Sunday, November 13, 2011

So Much Love



Every test Nichole had at the hospital came back negative. Yet, one test would lead to other tests, as her blood work continued to show abnormal liver activity. During the following days, as we waited for Nichole’s several tests to be done, I became obsessed with reading “Gifts.” I cried with every story. I underlined words and phrases that spoke to my heart, and I wrote on the margins of the book. 

Andy, on the other hand, was reading all he could on-line about the different tests and possible conditions doctors talked about.  We laughed, as one of the doctors asked Andy after discussing a certain test that would be done the following morning if he was a doctor too. 

“No” Andy replied, “I just have a lot of time in my hands to research.”

The fact that my husband was so knowledgeable of what was taking place medically gave me incredible peace. I did not have to worry about Nichole’s health. I was working on finding my new dreams, and expanding my hope for the future.

“Honey, listen to this” Andy said to me one afternoon as he clicked on a link for the National Association of Down Syndrome. “There is an article here called: If People With DownSyndrome Ruled the World.”

“Is it good?” I asked.

“Affection, hugging, and caring would make a huge comeback” he read.

“I like that!” I responded.

“The words “clean” and “fun” would be used in the same sentence” he continued.

“Oh! I really like that!”

“Weather would be the only essential news item.”

“Hey! I exclaimed, “That is the only part I care about too!”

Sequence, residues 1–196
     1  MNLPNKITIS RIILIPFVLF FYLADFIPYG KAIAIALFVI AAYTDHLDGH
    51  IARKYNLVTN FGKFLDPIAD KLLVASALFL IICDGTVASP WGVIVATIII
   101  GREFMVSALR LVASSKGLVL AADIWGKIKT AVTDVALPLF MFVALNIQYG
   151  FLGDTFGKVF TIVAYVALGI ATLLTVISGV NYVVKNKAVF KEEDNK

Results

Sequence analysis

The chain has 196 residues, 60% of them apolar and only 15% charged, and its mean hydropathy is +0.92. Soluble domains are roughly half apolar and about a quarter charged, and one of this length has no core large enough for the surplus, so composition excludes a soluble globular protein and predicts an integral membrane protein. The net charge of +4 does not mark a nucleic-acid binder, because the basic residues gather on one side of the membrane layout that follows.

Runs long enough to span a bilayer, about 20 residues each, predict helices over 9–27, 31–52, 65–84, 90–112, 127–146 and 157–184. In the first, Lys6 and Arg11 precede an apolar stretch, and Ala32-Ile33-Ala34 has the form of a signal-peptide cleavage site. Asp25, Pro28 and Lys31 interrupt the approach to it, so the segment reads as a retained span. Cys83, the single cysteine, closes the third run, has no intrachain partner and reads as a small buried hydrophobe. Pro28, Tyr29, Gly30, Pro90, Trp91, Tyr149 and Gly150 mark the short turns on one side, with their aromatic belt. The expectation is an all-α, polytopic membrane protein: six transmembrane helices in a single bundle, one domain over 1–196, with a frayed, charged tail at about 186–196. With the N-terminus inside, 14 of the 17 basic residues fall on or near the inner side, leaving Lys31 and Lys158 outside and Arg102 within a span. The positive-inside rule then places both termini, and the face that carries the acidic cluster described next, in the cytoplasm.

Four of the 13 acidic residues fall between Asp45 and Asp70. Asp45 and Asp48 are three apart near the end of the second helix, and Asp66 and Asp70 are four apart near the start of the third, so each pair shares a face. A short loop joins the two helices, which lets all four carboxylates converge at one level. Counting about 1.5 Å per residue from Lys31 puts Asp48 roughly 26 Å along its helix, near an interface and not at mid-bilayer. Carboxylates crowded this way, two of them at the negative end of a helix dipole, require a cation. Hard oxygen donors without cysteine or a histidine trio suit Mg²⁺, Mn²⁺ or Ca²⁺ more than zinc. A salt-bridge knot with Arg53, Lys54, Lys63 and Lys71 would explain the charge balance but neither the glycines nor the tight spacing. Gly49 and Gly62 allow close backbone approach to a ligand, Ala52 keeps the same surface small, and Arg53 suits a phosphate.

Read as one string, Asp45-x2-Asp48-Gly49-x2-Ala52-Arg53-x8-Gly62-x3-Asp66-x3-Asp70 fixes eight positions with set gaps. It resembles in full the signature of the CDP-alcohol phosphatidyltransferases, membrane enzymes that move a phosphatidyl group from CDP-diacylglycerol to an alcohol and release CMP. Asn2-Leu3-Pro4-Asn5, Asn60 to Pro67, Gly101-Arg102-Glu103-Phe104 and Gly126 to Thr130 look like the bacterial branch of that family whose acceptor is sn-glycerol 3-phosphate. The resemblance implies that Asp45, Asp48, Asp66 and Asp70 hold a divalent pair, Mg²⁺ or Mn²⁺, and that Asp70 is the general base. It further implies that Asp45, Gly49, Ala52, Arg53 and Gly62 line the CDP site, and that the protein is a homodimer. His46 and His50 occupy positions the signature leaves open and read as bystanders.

We laughed. I sat by him and we read the article. We laughed. We smiled. And we agreed, the world would be a much better place if people with Down syndrome ruled the world.

“If God showed up right now” Andy said, “And offered to take Down syndrome away from Nichole, would you chose that?”

“I don’t know,” I answered truthfully. “I think I would want to right now, because it is so new, so different. Yet I feel that if I made that choice, I would be missing out on something big. And I would regret it. What about you?”

“No. I want her to have Down syndrome” Andy responded, “God intended for her to be this way, and I would not want to change that. God has great plans for her.”

“Yeah. I think He does too.” 

In the middle of the night, I walked back in the dimly lit corridors of the hospital after depositing 2 fresh bottles of milk in the fridge. The night nurse approached me.

“Hi Ellen, how are you guys doing?”

“So far so good. They still can’t find anything wrong with Nichole, so I guess that is good”

“Yeah…you know, I noticed that book you are reading.”

“The book “Gifts”?”

“Yes. I hope you don’t mind, I flipped through it a little bit.”

“That’s okay”

“I just wanted to say…that you are very lucky.”

“I am?”

“Yes you are. My husband works with adults with disabilities, and well, we have fallen in love with people with Down syndrome.” She smiled, “We have been trying to adopt a baby with Down syndrome, but there is a huge waiting list.”

“Really?” I asked surprised.